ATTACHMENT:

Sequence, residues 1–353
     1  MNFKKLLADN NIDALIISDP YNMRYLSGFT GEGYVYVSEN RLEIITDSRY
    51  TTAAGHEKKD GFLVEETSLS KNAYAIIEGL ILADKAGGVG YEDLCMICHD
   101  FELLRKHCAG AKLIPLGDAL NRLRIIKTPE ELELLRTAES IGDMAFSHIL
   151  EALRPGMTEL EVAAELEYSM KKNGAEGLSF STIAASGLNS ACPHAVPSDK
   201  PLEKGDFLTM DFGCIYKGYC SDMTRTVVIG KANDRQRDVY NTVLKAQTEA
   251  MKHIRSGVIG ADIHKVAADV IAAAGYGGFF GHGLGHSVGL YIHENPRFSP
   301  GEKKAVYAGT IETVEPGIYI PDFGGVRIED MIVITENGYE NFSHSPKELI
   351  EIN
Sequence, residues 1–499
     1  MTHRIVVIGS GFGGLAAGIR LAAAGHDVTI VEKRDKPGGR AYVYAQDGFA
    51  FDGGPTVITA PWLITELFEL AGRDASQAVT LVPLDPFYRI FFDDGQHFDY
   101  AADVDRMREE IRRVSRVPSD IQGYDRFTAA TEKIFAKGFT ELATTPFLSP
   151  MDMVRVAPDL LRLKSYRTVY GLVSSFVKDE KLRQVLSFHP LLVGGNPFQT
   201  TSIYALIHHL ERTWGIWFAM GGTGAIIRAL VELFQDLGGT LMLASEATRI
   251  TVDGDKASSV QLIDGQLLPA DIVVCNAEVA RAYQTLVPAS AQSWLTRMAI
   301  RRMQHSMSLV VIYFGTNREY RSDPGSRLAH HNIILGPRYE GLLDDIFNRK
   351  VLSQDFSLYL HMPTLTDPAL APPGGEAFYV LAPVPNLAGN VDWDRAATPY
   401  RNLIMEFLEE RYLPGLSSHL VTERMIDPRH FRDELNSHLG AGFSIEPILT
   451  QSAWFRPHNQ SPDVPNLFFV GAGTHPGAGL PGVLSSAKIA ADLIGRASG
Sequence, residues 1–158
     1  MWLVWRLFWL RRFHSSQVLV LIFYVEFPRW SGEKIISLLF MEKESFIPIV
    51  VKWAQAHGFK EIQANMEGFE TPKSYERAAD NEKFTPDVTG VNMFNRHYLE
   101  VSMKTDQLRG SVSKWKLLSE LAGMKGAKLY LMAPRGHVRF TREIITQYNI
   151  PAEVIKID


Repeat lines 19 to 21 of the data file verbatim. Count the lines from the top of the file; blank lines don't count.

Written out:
   401  RNLIMEFLEE RYLPGLSSHL VTERMIDPRH FRDELNSHLG AGFSIEPILT
   451  QSAWFRPHNQ SPDVPNLFFV GAGTHPGAGL PGVLSSAKIA ADLIGRASG
Sequence, residues 1–158